the member to discontinue bis speech. In
questions to ministers or other members,
no argument or opinion may be offered,
nor any facts stated, except so far as
necessary to explain the question. By
indulgence, a member may explain matters
of a personal nature, although there be no
question before the House ; but they may
not be debated. A reply is allowed to a
member who has made a substantive
motion to the House. Any member may
rise to speak " to order," or upon a matter
of privilege suddenly arising. No member
is to allude to any debate of the same
session, upon a question or bill not being
then under discussion, except by the
indulgence of the House, for personal
explanations. A member may not allude
to any debate in the other House of Parlia-
ment. He may not use Her Majesty's
I name irreverently in debate, nor for the
I purpose of influencing the House in its
deliberations; nor may he refer to any
other member by na7ne.

Censure. — Whenever any member is
named by the Speaker or ChaiiTnan, im-
mediately after an offence of disregarding
' the authority of the Chair, or of abusing



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HOUSE OF COMMONS— PEOCEDURE.



105



the rules of the House by persistently
and wilfully obstructing the business
of the House, or otherwise, has been
oommitted by such member, a question
is forthwith put, without amendment,
adjournment, or debate, "That such
member be suspended from the service
of the House." If any member is so
suspended, his suspension on the first
occasion continues lor one week, on the
second occasion for a fortnight, and on
the third, or subsequently, for a month.
The suspension does not exempt the
member from serving on any private bill
committee. Not more than one member
can be '' named " at the same time, unless
several have jointly disregarded the au-
thority of the chair. A member whose
conduct is grossly disorderly may be
ordered to withdraw from the House for
the remainder of the day's sitting, or he
may be ** named " as above described.

Divisions. — No member may vote unless
present when the question is put, and every
member so present must vote. When a
division is taken strangers are excluded
from seats below the bar, and a two-
minute sandglass is turned to allow
members time to enter the House, after
which the doors are locked, and the
Speaker puts the question. After the voices
have been given, he declares whether,
in his opinion, the ** ayes " or the " noes "
** have it." If his decision is challenged,
he directs the " ayes " to go into the right
lobby, and the ** noes " into the left lobby,
and appoints two tellers for each party.
When all the members have resumed their
places, the tellers on either side come to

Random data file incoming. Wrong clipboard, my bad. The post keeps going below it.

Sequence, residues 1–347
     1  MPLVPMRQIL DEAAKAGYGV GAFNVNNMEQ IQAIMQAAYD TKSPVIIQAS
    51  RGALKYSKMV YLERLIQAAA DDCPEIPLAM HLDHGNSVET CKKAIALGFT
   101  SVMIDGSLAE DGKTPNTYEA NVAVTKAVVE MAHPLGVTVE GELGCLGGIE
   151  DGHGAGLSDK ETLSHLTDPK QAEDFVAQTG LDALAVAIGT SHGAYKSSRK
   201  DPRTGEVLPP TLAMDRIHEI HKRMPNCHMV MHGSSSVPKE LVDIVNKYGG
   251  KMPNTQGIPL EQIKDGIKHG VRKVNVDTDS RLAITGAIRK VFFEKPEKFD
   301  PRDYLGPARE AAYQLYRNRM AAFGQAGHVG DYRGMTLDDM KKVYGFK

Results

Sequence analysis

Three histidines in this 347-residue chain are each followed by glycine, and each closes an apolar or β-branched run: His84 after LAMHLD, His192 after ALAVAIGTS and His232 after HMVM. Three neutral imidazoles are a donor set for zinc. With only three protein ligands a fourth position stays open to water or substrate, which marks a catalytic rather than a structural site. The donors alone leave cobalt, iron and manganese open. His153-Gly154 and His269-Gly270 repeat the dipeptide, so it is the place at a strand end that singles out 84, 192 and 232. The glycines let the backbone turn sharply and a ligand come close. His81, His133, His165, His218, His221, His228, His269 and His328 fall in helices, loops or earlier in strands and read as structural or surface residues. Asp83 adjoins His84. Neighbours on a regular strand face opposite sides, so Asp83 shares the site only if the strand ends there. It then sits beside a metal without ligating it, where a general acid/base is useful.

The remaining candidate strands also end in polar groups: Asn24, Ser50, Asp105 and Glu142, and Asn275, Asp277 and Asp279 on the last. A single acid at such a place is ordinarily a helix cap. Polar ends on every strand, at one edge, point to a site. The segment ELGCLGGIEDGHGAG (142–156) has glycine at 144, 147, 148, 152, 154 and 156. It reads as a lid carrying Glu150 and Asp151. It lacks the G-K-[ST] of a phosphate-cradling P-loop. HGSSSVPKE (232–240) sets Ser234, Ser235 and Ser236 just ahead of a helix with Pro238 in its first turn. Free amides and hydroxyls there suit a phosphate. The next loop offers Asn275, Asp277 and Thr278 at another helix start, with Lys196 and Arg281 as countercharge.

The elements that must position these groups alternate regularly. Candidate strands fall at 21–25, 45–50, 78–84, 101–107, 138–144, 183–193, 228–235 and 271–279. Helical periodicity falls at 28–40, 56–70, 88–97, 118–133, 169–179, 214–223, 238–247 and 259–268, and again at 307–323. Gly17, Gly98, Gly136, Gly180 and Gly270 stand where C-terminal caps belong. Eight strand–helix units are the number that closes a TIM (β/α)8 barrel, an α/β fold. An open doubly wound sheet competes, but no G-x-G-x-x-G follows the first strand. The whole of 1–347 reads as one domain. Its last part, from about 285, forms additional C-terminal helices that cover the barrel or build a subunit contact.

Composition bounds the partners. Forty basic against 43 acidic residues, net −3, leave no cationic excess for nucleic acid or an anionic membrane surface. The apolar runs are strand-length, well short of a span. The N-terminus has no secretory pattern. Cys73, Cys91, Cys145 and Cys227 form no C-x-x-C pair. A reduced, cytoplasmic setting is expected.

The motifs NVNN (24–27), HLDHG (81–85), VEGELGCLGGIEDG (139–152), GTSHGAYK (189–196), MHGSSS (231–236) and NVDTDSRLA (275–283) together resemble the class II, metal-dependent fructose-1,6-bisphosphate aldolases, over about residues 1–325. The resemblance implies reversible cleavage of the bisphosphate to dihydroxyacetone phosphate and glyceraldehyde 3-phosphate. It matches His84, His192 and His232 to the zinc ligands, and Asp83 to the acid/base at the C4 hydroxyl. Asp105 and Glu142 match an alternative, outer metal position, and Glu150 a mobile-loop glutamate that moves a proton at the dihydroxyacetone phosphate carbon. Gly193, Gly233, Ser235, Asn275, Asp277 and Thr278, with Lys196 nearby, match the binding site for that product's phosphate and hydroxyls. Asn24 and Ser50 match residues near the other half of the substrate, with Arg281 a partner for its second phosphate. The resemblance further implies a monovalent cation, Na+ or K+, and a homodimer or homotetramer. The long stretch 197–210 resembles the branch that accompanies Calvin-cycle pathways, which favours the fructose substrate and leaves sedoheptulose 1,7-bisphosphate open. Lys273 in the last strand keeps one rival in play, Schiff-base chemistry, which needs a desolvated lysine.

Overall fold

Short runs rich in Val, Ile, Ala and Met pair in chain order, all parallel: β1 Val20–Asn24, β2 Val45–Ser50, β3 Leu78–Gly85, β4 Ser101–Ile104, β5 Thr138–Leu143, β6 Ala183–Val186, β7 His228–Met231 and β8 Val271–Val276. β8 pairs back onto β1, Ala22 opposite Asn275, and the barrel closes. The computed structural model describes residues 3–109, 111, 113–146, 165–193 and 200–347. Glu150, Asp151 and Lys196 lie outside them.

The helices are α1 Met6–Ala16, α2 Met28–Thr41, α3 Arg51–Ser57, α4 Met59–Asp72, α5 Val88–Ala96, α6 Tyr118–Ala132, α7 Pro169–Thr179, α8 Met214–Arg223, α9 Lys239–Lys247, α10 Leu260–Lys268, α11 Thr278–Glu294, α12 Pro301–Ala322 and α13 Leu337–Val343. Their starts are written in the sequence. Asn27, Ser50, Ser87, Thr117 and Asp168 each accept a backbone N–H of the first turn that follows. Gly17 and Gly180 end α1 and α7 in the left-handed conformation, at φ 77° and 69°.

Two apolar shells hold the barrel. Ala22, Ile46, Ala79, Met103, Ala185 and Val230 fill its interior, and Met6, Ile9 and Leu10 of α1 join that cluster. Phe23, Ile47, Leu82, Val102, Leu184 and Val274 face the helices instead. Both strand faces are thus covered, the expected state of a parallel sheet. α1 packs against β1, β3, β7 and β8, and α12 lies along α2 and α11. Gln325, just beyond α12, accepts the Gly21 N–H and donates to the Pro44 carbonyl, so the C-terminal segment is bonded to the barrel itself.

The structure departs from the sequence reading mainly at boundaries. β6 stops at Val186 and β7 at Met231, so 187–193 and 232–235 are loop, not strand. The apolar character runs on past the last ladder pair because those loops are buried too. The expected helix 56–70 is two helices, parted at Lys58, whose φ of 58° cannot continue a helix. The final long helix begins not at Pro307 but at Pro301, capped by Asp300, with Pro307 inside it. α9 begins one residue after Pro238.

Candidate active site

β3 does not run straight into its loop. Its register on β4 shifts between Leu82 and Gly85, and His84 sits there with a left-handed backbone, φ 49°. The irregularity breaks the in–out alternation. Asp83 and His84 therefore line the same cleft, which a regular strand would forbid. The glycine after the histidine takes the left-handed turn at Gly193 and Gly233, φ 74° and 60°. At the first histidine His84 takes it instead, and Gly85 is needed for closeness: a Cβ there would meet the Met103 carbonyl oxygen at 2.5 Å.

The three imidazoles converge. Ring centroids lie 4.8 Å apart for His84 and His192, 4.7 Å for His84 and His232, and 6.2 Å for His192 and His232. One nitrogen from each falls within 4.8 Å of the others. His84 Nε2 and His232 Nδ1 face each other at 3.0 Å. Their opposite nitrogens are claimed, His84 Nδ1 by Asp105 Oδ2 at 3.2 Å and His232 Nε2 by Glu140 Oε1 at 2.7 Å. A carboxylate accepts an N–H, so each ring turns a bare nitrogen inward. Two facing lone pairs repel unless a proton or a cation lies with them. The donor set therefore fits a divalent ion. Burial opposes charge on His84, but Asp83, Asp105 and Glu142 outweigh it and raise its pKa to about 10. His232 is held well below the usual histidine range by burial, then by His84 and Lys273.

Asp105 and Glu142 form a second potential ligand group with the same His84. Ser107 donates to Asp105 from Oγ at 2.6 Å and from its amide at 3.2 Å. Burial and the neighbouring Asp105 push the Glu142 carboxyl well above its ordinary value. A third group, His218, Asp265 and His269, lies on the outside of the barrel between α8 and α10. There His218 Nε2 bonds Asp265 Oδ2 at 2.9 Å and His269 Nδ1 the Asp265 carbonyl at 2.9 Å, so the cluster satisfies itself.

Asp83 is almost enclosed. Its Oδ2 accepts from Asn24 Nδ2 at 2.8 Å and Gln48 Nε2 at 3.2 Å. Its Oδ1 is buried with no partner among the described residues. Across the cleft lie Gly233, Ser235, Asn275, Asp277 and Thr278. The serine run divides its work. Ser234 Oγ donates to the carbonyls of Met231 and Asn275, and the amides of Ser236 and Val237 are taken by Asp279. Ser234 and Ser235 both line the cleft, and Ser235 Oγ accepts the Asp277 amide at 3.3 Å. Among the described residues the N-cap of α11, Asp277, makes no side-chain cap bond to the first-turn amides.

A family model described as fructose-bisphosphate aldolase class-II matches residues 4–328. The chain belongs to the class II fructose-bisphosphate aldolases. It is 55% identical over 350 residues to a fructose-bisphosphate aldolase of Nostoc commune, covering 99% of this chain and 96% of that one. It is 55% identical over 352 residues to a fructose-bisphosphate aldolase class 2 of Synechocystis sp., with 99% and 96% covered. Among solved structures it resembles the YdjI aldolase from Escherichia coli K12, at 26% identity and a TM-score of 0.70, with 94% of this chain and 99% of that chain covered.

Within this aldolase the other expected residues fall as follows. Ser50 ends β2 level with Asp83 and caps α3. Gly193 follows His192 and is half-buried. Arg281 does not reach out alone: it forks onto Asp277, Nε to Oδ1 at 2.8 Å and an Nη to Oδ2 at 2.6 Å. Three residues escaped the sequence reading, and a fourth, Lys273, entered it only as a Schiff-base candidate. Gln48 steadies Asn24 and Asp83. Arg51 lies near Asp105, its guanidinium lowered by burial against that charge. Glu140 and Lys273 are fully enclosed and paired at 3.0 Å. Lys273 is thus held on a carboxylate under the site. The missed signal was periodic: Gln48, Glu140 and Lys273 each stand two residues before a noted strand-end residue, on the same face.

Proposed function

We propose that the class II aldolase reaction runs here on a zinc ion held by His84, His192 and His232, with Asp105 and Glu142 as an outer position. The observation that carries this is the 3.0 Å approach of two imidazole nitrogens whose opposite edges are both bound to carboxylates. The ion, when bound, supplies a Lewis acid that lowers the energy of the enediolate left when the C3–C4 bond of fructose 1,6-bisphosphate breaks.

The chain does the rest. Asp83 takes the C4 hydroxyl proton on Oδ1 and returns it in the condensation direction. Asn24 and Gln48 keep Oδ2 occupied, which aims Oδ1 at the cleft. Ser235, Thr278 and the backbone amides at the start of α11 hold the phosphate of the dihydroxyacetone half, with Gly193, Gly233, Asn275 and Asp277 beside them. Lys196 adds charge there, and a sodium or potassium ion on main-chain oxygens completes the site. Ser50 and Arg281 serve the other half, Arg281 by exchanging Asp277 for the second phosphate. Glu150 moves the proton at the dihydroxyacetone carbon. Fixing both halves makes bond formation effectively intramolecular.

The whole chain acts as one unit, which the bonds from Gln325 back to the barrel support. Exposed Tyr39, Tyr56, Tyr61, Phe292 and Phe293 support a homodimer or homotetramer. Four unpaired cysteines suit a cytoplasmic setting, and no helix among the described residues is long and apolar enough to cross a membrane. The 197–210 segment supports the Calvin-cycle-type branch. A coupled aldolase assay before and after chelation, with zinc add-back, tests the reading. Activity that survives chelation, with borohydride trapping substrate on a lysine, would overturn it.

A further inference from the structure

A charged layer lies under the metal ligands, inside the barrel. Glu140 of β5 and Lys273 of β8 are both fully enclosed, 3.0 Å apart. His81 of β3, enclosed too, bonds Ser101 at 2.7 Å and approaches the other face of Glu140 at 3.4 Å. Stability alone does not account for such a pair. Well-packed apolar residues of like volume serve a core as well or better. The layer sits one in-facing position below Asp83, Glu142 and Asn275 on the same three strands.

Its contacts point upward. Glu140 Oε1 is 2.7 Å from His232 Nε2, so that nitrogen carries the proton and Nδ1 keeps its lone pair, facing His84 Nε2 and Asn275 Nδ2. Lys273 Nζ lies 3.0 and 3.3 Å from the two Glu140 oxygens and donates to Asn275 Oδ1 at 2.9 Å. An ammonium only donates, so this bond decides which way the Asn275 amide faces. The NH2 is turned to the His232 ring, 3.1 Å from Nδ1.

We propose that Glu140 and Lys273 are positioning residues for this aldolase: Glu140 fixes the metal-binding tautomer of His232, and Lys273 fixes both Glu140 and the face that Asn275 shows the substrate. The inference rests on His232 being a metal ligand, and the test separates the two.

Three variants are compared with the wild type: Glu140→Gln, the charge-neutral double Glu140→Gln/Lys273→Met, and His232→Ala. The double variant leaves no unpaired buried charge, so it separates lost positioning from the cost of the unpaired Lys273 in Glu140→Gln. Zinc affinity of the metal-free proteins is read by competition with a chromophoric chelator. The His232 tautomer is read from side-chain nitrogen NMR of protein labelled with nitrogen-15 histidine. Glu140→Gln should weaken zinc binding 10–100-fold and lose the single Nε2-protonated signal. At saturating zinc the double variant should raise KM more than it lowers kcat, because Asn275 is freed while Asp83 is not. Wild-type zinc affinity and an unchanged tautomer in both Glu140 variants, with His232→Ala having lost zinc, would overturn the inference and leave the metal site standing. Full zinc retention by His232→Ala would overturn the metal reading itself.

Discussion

the table and report the numbers to the
Speaker, who declares them to the House.
If he is of opinion that a division is frivo-
lously or vexatiously claimed, he may take
the vote by calling upon the members who
support and who challenge his decision, to
rise in their places, and he shall then either
declare the numbers or name tellers for a
division.

Ptiblic Bills. — A member who wants to
initiate a Bill must attend at the beginning
of business on the first day of a Session,
and must ballot for a place for his notice
for leave, and when called on he fixes the
next day for the motion. He attends next
day, and at the end of the evening he rises
and moves for leave to bring in the Bill,
and on his position in the ballot, early oi*
late,- very much depends the chance of
pushing the Bill through Parliament. The
ballot can be drawn by one member for
another, but the member who brings
in the Bill must himself attend to move
for leave. Bills making grants of public
money must originate with Ministers, and
must be first considered in Committee of
the whole House. The first reading of
every bill is proposed immediately
after the same has been presented.
On the order being read for the second
reading of a bill, a motion is made,
and a question put, "That the bill be
now read a second time," and amendments



may be moved by leaving out **now," and
substituting " three months," " six months,"
or any other time ; or that the bill be re-
jected. A bill having been read a second
time, is ordered to be committed to a Com-
mittee of the whole House ; or, in certain
oases, to a Select Committee, or to a Stand-
ing Committee. The bill having been fully
considered in Committee, the Chairman
is directed to report it to the House.
Clauses may be withdrawn by the mem-
ber in charge of the Bill on giving
two days' notice. A bill reported
without amendment is ordered to be
read a third time, and on the third
reading a motion is made and question put,
that the bill be now read a third time, to
which amendments may be moved, as on
the second reading. After the third reading,
and further proceedings thereon, the title
of the bill is agreed to, and the bill is